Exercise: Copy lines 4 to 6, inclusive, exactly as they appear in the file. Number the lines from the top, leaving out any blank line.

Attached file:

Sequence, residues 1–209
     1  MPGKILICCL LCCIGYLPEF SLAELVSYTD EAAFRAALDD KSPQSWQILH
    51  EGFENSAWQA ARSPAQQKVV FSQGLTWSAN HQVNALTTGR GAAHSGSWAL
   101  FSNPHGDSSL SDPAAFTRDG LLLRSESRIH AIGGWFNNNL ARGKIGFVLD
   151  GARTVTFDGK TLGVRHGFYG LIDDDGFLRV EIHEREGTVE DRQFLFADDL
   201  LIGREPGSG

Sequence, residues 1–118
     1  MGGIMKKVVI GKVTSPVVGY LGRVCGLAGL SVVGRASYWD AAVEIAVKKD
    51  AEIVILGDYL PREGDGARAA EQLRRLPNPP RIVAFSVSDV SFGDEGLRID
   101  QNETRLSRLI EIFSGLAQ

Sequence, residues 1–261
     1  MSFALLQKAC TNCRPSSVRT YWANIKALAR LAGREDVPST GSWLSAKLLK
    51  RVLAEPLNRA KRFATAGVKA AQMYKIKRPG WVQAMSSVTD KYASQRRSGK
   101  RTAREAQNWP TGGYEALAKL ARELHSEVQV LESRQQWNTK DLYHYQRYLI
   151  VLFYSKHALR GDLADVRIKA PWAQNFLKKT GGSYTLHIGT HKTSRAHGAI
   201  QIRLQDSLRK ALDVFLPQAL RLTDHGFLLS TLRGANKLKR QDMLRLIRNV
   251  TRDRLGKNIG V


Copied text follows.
   101  FSNPHGDSSL SDPAAFTRDG LLLRSESRIH AIGGWFNNNL ARGKIGFVLD
   151  GARTVTFDGK TLGVRHGFYG LIDDDGFLRV EIHEREGTVE DRQFLFADDL
   201  LIGREPGSG